Juan Gris Musician's Table, 1926

The crime: In 1986 John created a painting for Drewe in the style of Cubist painter Albert Gleizes. Drewe called Myatt to tell him Christie’s had valued the piece at £25K.

The crime was committed at the point I expressed an interest
John Myatt

A week later John received 50 per cent of the money in a brown envelope with no questions asked. Solving all John’s financial woes in one sweep – he gradually got drawn into Drewe’s web of deceit and went on to paint 200 fakes from art history’s long line of masters.

John’s materials were unorthodox, he used everything including household emulsion mixed with KY jelly. But a relentless treadmill of trickery by Drewe, saw John being paid little more than his £13,000 teaching salary, with Drewe keeping the lion’s share. In 1993 John finally put a stop to the fraud, but the long arm of the law caught up with John in 1995 when Drewe’s ex-partner ‘blew the whistle’.

John assisted at every step of the four year investigation and was eventually handed a lenient twelve month sentence and released from Brixton Prison after four months for good behaviour.

After his release, John swore he would never paint again, but Searle - the Scotland Yard detective who arrested him and now a close friend - commissioned a family portrait and convinced him to return to his easel.

In 2005 his first originals exhibition in London was a complete sell out and was opened by Anne Robinson and Magnus Magnusson. Happily married to his second wife Rosemary since 2001, with five grown up children between them, he is a committed Christian and plays the organ in his local church every Sunday. This story really does have a happy ending.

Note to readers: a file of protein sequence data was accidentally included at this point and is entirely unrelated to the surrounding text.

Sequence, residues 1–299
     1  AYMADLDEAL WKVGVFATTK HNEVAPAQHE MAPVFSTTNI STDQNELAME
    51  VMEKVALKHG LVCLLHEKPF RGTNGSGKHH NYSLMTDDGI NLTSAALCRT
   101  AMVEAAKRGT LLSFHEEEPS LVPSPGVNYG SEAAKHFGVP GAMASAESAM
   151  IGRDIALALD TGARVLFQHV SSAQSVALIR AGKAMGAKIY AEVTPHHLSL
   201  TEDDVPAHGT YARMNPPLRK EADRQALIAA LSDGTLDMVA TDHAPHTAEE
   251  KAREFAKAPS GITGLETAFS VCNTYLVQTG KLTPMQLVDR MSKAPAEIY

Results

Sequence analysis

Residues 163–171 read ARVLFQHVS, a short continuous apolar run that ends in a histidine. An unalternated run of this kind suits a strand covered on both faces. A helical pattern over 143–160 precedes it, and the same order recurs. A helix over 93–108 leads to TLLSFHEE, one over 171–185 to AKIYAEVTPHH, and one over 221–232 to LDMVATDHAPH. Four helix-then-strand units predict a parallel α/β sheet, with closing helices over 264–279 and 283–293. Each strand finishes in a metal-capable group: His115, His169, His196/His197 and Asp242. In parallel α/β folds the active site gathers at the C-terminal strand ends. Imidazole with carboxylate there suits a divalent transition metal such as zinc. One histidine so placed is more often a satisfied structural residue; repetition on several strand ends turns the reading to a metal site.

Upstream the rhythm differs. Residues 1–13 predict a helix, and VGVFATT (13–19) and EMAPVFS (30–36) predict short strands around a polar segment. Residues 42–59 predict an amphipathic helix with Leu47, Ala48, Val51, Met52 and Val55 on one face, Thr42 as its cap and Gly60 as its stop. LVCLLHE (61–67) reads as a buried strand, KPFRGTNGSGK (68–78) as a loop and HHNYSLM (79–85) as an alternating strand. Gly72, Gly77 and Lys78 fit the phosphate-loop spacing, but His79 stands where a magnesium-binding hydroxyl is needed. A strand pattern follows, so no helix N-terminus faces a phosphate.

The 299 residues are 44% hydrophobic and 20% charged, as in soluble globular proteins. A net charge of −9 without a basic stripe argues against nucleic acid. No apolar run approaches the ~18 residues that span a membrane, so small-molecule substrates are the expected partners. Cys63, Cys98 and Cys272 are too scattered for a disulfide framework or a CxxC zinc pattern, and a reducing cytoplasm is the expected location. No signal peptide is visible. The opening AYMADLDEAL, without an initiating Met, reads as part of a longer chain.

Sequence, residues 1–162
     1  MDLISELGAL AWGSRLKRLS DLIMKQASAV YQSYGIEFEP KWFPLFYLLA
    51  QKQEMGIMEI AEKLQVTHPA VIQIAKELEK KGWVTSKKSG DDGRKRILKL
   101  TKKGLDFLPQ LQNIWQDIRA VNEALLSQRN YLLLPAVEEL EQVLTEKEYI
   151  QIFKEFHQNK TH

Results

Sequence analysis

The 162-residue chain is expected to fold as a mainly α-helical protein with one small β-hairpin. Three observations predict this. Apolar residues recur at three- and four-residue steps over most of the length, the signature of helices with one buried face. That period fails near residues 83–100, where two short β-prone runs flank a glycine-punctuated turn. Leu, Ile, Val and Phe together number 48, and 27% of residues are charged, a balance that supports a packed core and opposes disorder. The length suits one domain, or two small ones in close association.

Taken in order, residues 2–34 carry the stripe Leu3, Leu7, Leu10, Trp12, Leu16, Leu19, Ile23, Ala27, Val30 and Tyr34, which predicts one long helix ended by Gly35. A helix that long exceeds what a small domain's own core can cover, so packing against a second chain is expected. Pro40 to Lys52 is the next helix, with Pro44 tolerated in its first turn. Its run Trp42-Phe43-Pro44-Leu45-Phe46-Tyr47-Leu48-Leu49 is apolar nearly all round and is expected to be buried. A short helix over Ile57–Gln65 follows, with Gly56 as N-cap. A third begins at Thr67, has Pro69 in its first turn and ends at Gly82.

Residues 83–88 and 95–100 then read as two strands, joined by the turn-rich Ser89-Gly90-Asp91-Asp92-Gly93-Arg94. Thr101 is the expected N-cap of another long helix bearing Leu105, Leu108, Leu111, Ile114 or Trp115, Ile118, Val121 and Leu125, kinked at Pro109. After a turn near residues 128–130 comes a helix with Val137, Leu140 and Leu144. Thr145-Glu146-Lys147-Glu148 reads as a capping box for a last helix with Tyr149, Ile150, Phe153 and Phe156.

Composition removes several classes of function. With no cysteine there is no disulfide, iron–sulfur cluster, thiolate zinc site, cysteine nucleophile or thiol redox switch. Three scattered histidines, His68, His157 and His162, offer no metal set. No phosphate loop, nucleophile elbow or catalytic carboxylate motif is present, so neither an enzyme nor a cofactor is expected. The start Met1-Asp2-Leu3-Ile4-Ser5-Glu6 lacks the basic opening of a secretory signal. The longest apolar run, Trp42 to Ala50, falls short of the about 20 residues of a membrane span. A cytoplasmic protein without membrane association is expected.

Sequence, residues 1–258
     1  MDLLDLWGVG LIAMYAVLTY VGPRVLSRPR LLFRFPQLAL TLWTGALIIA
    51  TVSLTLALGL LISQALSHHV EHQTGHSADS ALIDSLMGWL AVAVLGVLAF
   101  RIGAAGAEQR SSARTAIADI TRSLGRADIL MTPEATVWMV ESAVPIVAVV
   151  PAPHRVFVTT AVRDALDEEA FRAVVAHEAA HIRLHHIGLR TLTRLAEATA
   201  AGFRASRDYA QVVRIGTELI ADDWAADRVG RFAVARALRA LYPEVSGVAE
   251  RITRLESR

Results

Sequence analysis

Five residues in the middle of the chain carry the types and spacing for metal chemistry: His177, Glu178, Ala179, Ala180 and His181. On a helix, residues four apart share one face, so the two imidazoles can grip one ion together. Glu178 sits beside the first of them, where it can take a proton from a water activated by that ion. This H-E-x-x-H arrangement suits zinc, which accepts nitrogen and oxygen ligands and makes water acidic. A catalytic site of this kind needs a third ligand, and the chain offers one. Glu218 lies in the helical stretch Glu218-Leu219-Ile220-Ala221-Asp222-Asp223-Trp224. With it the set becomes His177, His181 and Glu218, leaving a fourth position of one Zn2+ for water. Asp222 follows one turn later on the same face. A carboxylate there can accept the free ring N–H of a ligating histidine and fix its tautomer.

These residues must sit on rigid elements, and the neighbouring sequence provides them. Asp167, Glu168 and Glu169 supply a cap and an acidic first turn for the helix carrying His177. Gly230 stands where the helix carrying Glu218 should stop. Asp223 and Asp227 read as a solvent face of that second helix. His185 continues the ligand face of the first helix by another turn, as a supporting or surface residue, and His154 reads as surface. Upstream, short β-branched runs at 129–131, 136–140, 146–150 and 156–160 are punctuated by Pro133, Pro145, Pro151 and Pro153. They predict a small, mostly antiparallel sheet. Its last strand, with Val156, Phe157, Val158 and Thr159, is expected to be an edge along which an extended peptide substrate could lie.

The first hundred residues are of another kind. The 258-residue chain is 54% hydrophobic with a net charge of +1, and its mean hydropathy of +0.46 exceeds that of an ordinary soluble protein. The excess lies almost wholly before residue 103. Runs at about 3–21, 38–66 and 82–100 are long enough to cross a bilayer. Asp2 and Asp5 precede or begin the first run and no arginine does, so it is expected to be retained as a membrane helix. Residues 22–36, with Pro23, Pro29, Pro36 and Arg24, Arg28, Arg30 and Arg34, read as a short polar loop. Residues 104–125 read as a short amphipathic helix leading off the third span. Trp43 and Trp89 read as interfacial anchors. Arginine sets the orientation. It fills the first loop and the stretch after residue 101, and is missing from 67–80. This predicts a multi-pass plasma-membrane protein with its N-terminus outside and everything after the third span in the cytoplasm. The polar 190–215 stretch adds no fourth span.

The life

Described by Scotland Yard as “the biggest art fraud of the 20th century”, the life of artist John Myatt reads very much like the pages of a best-selling novel.

Success arrived for John in the Seventies, when he co-wrote the number one chart hit ‘Silly Games’ in 1979. Moving from London to his native Staffordshire, John’s life took a down turn when his wife walked out, leaving him with their two tiny children to care for. John knew he had to find an alternative to his poorly paid job as an art teacher and generate an income from home, so he could be close to his children.

John discovered his talent for mimicry early as an artist and in 1983 placed a classified advert in Private Eye offering ‘Genuine Fakes for £150 and £200’ – from which a legitimate business was born. A call from ‘Professor Drewe’, who claimed to be a nuclear physicist, resulted in John producing 14 paintings over the next two years – generating some much needed cash and the veneer of a business friendship.